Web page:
With two starts under his rookie belt, Gradey Dick needs extended minutes

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With nothing to gain other than moving up one slot in the draft order — which would assure the Raptors of keeping their top-six lottery pick — there’s absolutely no reason why Gradey Dick should not start every game for the balance of this lost season.

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The rookie made his second start on Saturday night in Portland, when RJ Barrett was a late scratch, an evening that pretty much summed up the plight of this depleted unit.

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When Toronto tipped off its road trip in Phoenix on Thursday night, it started the game horribly before beginning to compete.
Against the host Trail Blazers, a similar pattern unfolded, only this time the game required overtime.

Still, a loss is a loss and Toronto’s 128-118 setback to a Portland team that had dropped nine straight at home represented the Raptors’ third defeat in a row.

Heading into Monday’s meeting in Denver against the reigning champion Nuggets, the Raptors have lost five of their past six games.
More losses will follow, which may not be so bad considering the Raptors find themselves one game up on Memphis in the draft order.

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The Raptors need to finish with a worse record than the Grizzlies to keep their top-six pick. If Toronto ends up with the NBA’s seventh-worst record, the pick goes to the San Antonio Spurs.

The consensus, according to many draft experts, is that this year’s class is not deep, but some unheralded prospect always seems to emerge.

The Raptors used their first-round selection (13th overall) last June on Dick, a freshman sharpshooter out of Kansas.

To say Dick’s rookie season in the NBA has been uneven would be to state the obvious. The proverbial deer in the headlight description would best apply to Dick, who mostly has looked overwhelmed and physically overmatched.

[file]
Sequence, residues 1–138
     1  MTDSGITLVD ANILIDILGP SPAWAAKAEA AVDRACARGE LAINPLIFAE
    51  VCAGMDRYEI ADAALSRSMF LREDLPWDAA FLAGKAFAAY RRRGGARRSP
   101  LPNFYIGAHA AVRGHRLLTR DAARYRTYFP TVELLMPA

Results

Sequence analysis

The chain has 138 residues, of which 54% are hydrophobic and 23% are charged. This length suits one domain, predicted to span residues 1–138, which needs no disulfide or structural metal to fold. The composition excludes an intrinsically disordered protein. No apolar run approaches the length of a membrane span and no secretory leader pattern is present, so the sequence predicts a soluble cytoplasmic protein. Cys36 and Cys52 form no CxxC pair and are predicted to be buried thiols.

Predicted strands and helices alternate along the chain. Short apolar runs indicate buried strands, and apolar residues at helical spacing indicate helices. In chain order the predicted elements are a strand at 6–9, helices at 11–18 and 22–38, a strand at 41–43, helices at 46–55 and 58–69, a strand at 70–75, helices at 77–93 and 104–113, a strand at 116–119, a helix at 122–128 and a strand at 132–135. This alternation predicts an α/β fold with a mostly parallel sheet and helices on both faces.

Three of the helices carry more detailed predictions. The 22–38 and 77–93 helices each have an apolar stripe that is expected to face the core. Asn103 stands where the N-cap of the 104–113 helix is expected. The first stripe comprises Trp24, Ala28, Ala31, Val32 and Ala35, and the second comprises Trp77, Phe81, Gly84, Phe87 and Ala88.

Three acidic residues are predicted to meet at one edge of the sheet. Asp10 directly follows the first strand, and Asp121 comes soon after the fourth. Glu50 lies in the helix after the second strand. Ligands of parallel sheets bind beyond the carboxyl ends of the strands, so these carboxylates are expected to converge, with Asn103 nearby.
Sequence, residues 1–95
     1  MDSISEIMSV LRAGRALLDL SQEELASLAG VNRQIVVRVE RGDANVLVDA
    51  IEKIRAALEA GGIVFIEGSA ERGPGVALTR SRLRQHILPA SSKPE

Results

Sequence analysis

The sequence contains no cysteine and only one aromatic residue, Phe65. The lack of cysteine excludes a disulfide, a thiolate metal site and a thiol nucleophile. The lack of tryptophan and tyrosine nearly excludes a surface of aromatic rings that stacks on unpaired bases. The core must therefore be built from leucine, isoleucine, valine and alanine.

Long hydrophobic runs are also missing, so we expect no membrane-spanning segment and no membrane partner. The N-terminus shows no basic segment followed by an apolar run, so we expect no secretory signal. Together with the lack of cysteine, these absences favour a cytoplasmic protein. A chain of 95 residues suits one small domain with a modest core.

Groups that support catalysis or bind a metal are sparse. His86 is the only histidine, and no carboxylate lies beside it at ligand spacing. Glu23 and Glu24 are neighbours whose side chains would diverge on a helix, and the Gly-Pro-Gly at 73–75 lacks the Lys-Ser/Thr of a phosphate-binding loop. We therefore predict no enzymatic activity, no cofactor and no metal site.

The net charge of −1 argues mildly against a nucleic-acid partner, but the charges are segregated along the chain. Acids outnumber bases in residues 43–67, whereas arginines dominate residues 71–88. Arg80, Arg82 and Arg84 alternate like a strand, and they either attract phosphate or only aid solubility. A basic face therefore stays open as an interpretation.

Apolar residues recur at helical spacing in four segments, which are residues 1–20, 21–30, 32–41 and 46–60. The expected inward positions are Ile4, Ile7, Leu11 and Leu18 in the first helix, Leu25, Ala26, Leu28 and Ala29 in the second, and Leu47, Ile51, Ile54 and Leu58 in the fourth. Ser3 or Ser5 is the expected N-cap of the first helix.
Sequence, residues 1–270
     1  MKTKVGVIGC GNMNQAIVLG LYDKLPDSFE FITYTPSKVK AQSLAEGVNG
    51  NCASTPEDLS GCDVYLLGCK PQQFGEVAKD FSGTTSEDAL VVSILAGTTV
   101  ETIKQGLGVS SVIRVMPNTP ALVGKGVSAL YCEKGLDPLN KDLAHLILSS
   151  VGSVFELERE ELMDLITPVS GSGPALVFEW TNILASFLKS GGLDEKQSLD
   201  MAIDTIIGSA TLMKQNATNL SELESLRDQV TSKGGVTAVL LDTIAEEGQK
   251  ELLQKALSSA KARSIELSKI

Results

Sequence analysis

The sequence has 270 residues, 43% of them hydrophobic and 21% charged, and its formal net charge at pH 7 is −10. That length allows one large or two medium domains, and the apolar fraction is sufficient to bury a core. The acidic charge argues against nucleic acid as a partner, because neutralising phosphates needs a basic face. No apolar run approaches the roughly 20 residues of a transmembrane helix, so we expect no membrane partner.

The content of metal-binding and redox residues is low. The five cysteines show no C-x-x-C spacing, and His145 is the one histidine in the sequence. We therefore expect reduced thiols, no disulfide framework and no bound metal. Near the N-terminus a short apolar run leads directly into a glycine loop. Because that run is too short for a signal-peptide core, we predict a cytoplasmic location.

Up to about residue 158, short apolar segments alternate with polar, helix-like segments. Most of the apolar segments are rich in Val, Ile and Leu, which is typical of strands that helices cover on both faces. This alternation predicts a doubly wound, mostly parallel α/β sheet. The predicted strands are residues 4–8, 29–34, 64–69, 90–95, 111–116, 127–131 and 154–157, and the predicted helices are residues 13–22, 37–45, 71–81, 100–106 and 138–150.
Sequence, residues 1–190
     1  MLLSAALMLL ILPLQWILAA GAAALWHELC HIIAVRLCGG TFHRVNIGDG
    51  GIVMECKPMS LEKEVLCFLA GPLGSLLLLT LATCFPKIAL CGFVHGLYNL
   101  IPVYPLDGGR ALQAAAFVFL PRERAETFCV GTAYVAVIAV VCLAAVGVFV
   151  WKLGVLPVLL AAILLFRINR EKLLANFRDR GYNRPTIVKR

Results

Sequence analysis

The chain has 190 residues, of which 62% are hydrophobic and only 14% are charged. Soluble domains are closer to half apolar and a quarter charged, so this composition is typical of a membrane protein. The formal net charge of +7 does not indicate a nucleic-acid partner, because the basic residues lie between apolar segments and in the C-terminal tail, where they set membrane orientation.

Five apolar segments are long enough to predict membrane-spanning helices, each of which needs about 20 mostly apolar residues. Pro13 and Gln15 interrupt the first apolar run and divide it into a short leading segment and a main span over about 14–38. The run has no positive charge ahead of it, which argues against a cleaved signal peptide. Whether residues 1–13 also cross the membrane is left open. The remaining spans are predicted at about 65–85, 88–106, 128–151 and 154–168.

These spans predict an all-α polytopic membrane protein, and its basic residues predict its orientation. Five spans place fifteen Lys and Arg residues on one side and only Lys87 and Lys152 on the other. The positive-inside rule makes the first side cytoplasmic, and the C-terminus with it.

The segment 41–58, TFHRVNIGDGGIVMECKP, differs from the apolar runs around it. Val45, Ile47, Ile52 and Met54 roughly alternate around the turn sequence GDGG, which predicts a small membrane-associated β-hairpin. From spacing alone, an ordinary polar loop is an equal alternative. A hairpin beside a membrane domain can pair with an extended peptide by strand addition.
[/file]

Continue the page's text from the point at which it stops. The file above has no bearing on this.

Recently, though, some encouraging signs have emerged. No longer does Dick look lost on an NBA court, or endure stretches when he isn’t making an impact.

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But it’s now incumbent on the Raptors to let the kid play as many minutes as possible and allow him to get off as many shots as he can within the flow of an offence.

The Raptors, after all, have nothing to lose, even though losing games will improve the team’s draft position.

By now, it’s abundantly clear this edition is not good and only against equally inferior competition can the Raptors win.
At 23-41, the team’s next defeat, likely to arrive as early as Monday, will officially guarantee the Raptors a losing record.

This isn’t exactly the Tampa Tank, which saw the Raptors end the 2020-21 season by going 2-10 and finishing with the seventh-best lottery odds. Courtesy of some ping-pong balls dropping the right way, the Raptors moved up to the No. 4 draft slot — and Scottie Barnes.
No one envisions a Barnes-like asset being available this June, but only time will tell.

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When Dick was selected, the Raptors felt they were addressing a need on a team short of long-distance shooting.
Shooting remains an issue, but the club must now find out what they have in Dick. It’s why he needs minutes, preferably playing alongside the likes of point guard Immanuel Quickley for extended stretches.

In Toronto’s loss to the Trail Blazers, who led by as many as 20 points, Dick played with energy, going 3-for-10 from the field, including 2-for-7 from beyond the three-point arc.

When the Raptors made their late-game push, it was Dick and Chris Boucher bringing that necessary edge.

The rookie relished the challenge, particularly late in regulation when he played fearlessly and confidently. He finished with eight points, five boards and two assists but made zero turnovers.

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Dick played a season-high 39 minutes, a number the Raptors should be aiming at, if not exceeding, for the remaining 18 games.

His shot was off, but he wasn’t alone as the Raptors began the night by missing their first nine heaves from distance.

The Raptors did not lose because of Dick’s play. They lost because their start was so bad and they had no answer for Deandre Ayton, who posted a 30-point, 19-rebound effort in his return from a five-game injury absence.

When overtime began, Dick was on the bench when he should have been on the floor. When he did re-enter the game, there was 2:10 remaining as the Raptors did not make their first shot until there were 30 seconds to play.

Play Dick and allow the chips to fall where they may.

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[email protected]

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